Since the beginning of the Modernist era a century ago, concrete has been appreciated by architects for its strength, versatility and sculptural potential. For many countries, concrete played a key role in their recovery from the Second World War, and in their continued modernization during the second half of the 20th century. But in recent years – while it is still as widely-used as ever - concrete has fallen on something of an image problem, with criticisms of its environmental impact and its aesthetic appearance becoming commonplace.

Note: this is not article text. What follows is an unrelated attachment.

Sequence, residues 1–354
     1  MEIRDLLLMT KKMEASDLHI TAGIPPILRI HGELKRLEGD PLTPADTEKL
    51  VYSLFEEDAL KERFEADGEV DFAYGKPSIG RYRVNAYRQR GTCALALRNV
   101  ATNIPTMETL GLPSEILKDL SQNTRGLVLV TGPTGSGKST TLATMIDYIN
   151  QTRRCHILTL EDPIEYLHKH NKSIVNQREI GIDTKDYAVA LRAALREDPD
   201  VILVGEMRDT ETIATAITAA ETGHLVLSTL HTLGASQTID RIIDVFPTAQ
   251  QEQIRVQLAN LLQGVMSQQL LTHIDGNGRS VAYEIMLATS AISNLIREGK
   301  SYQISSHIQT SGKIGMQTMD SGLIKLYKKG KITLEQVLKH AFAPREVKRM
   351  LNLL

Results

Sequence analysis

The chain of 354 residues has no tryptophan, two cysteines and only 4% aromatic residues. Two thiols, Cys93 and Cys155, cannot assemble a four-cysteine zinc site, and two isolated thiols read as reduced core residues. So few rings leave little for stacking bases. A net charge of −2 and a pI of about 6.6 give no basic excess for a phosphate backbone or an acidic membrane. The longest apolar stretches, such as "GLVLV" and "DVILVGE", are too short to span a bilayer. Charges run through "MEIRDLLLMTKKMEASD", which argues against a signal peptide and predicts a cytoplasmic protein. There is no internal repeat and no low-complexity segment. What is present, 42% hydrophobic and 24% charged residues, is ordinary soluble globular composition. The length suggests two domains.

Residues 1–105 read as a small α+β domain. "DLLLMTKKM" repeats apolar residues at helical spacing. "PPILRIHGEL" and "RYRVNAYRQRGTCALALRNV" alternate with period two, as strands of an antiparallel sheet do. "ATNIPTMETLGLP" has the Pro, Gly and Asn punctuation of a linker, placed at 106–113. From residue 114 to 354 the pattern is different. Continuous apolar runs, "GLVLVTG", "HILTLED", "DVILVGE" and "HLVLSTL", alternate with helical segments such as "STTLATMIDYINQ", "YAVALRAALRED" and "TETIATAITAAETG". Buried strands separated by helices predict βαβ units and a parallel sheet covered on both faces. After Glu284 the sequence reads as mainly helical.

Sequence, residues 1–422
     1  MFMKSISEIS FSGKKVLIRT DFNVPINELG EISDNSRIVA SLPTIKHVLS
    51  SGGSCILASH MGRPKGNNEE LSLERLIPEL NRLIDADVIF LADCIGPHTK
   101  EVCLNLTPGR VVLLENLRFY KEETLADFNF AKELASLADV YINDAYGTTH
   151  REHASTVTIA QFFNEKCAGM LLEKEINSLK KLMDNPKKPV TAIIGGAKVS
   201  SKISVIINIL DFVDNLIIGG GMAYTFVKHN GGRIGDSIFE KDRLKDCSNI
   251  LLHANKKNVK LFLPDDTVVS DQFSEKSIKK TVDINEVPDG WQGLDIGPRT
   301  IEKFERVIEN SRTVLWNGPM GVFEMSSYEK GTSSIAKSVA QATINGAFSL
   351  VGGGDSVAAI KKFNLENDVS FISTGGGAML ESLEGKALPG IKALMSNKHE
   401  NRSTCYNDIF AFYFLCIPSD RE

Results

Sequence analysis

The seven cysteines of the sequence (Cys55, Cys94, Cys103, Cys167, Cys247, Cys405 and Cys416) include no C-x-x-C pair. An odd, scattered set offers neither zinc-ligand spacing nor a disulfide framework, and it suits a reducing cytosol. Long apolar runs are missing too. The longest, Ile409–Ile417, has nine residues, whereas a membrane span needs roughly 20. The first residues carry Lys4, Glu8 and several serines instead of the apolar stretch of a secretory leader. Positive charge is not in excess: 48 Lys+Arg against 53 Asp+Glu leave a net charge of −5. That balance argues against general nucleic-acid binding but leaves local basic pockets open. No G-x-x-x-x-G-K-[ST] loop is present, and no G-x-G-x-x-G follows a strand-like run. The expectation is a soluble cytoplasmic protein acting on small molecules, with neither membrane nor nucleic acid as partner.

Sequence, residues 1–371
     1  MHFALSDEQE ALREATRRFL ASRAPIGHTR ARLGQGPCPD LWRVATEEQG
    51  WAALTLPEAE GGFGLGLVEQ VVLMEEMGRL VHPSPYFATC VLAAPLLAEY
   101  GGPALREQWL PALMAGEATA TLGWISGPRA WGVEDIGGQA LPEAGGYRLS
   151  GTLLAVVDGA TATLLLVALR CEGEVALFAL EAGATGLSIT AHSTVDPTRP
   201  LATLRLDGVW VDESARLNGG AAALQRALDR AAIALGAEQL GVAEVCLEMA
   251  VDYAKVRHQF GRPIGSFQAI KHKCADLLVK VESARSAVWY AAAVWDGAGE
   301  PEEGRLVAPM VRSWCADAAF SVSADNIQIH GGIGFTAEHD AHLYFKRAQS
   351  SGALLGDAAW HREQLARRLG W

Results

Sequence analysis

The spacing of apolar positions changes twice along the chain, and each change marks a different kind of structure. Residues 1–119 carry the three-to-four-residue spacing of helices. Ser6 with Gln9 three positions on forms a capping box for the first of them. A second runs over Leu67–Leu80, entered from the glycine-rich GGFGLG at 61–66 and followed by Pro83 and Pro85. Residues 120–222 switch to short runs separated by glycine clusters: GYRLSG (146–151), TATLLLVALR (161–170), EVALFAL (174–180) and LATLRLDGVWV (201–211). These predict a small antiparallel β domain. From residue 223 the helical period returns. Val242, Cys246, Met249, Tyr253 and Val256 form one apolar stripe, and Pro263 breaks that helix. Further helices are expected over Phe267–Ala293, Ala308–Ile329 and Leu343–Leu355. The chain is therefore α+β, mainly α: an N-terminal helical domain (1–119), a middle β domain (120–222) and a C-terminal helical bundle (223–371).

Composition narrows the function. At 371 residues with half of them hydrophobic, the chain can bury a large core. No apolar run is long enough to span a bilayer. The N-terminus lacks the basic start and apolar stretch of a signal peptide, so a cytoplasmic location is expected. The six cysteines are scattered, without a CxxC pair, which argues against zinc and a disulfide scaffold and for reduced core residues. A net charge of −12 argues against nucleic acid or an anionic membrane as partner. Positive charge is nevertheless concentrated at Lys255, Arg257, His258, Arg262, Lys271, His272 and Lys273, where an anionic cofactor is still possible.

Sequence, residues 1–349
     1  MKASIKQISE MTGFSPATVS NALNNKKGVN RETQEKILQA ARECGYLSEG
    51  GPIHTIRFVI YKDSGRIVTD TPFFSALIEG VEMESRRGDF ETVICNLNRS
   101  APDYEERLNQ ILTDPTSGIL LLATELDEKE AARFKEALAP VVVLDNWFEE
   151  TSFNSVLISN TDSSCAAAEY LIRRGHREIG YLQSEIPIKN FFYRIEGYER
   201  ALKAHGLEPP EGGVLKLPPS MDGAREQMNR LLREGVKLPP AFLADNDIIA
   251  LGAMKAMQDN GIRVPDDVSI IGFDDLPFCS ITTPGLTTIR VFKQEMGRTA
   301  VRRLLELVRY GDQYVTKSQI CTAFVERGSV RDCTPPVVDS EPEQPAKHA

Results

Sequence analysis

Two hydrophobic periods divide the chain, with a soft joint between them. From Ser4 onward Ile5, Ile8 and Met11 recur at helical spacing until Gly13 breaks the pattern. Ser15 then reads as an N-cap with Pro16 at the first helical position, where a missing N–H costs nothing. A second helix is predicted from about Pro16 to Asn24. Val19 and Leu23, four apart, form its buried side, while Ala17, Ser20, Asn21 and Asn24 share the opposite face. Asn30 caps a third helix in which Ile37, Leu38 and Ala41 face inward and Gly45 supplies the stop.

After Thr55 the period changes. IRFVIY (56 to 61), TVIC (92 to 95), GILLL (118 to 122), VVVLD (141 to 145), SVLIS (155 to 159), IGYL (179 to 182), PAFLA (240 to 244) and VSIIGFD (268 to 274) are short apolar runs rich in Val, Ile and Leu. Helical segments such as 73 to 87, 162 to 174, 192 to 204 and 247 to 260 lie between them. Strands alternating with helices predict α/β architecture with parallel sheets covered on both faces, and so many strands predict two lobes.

That hasn’t stopped some companies continuing to innovate with concrete. Among these companies is TAKTL, a facade panel designer and manufacturer that works exclusively with Ultra High Performance Concrete (UHPC). To find out what UHPC can offer to architecture, ArchDaily spoke to TAKTL about the potential of this material, and the future of concrete construction.
One of the more niche trends in sustainable design of the past few years has been the re-use of shipping containers in order to create the structure of a building. Due to their convenient size, shipping containers are well-suited for use in houses and their appeal lies in their apparent simplicity: you get a room delivered in one piece, and you can stack them together to make multiple rooms or join them up to make larger rooms.